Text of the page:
Lactoferrin regulates important aspects of the ocular immune response. Receptors for lactoferrin are found on myeloblasts, monocytes, macrophages, lymphocytes and epithelial cells. These interactions are complex and, while observed, are not fully elucidated. Generally speaking, lactoferrin is released in inflammation and acts to curtail excessive inflammatory responses both directly, through antigen binding and iron uptake, and indirectly, by stimulating negative feedback signalling pathways within other cells. The capacity for exogenous lactoferrin to act as a local anti-inflammatory agent has been demonstrated in-vivo for gastrointestinal epithelia and cutaneous tissue.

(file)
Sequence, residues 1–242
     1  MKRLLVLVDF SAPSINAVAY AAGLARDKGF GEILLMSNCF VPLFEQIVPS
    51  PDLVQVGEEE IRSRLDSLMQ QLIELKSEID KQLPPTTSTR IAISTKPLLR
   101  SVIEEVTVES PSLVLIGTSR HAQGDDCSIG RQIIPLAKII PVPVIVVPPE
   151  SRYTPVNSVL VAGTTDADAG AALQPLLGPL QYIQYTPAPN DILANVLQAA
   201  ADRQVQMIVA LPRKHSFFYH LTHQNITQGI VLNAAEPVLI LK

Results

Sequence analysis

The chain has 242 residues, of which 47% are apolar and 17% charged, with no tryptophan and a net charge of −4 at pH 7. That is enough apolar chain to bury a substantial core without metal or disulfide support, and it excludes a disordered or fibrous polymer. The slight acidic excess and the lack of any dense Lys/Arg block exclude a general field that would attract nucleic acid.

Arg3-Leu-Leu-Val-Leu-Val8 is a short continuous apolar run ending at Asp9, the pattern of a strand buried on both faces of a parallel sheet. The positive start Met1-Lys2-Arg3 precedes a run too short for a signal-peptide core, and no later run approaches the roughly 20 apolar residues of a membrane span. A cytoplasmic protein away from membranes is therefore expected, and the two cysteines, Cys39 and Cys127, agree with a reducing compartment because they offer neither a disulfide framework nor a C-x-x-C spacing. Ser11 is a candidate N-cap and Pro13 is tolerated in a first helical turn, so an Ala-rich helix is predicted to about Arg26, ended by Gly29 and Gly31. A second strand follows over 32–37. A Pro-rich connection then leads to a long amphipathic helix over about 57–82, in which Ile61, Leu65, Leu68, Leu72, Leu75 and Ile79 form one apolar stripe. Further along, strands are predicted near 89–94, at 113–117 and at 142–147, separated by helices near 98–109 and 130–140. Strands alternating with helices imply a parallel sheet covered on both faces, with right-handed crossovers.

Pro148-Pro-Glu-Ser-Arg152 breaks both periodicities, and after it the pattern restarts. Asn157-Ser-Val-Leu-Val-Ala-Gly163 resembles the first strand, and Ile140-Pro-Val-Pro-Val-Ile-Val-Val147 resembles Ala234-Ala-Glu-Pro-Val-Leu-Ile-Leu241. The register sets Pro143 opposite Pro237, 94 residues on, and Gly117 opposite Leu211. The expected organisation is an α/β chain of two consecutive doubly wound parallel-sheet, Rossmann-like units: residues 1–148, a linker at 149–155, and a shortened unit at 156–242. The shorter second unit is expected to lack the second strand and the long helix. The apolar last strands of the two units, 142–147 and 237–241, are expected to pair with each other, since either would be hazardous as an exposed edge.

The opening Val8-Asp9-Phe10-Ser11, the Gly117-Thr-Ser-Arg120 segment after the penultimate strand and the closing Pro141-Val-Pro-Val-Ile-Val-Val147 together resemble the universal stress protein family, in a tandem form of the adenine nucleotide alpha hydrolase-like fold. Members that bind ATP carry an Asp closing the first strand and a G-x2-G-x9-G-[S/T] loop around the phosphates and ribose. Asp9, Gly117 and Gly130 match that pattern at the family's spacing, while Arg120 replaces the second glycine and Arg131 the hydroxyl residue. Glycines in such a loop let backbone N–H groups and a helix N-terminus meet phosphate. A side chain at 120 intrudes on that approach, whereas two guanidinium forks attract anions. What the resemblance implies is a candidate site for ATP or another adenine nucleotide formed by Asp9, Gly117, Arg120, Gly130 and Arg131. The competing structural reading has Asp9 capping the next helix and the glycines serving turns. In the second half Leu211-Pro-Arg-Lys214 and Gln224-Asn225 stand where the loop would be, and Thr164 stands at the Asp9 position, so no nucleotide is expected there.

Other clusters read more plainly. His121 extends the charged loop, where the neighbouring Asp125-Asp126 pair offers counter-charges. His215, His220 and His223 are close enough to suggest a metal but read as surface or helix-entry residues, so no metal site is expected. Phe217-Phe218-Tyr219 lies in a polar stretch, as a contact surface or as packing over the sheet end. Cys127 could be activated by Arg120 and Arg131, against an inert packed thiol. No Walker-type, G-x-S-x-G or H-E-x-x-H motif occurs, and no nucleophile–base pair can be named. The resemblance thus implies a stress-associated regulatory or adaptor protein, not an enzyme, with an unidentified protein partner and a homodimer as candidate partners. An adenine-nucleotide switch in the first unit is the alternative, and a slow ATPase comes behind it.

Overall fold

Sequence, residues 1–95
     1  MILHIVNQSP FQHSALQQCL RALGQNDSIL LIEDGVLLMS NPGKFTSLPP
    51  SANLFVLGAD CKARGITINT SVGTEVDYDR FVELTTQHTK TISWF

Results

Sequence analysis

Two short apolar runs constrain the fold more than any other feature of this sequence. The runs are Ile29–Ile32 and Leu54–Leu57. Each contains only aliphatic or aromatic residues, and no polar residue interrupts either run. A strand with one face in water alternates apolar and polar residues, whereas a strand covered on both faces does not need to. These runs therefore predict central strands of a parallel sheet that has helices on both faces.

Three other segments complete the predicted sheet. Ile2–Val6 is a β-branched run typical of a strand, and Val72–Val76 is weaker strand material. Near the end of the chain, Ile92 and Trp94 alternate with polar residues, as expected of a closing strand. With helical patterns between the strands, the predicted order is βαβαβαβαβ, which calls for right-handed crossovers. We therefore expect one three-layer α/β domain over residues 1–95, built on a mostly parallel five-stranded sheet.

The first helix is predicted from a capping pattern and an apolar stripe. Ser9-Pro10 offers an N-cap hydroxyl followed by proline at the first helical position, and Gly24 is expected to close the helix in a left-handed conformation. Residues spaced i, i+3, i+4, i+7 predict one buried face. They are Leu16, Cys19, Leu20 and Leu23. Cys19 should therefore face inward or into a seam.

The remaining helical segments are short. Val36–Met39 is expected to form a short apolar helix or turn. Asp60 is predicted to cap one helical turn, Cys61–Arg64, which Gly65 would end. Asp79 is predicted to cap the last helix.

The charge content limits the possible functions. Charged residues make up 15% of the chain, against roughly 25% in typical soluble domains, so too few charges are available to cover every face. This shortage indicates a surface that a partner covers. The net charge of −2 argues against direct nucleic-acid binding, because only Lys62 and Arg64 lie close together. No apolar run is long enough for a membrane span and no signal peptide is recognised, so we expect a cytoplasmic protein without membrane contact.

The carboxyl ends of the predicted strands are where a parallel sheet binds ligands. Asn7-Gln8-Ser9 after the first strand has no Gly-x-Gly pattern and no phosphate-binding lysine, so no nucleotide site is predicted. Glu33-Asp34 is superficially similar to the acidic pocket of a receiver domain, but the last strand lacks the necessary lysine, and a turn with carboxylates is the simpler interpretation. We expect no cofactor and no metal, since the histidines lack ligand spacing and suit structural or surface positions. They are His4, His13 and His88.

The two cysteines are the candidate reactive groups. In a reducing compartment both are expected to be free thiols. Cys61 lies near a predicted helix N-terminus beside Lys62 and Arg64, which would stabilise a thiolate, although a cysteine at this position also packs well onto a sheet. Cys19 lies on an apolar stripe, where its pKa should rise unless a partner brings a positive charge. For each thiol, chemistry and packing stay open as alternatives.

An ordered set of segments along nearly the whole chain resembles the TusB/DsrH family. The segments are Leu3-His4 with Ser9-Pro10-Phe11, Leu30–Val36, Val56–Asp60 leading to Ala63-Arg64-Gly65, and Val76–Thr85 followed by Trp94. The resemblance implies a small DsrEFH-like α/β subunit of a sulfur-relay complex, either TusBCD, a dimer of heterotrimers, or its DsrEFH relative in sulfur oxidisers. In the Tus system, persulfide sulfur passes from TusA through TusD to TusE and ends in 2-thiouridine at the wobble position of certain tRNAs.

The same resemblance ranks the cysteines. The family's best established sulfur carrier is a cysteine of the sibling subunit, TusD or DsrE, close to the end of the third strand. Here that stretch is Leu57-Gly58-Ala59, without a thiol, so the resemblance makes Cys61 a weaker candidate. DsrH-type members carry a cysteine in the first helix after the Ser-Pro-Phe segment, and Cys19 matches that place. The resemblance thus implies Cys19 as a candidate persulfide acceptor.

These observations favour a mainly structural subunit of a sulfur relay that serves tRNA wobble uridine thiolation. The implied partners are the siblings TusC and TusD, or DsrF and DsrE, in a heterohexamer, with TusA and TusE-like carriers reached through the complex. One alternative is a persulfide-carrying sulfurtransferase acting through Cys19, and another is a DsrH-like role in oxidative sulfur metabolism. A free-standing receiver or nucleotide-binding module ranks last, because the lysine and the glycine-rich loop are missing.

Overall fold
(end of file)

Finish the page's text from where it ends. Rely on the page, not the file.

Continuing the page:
Lactoferrin’s modes of action include iron sequestration, membrane disruption and digestion of bacterial proteins. The first of these to be identified was iron scavenging. Because iron is an essential co-factor, required for the growth of many invasive bacteria, when lactoferrin binds free iron in tears, it interrupts pathogenic bacterial proliferation. Lactoferrin also is able to disrupt bacterial cell membranes. The interaction of the positively charged amino acids at the terminus of lactoferrin and the negatively charged bacterial membrane increases their permeability. This may kill the bacteria or at least increase their susceptibility to other antimicrobials in the tear film.
Low tear lactoferrin directly indicates a compromised ocular immune system and may represent an elevated risk factor for ocular surgery and/or infection.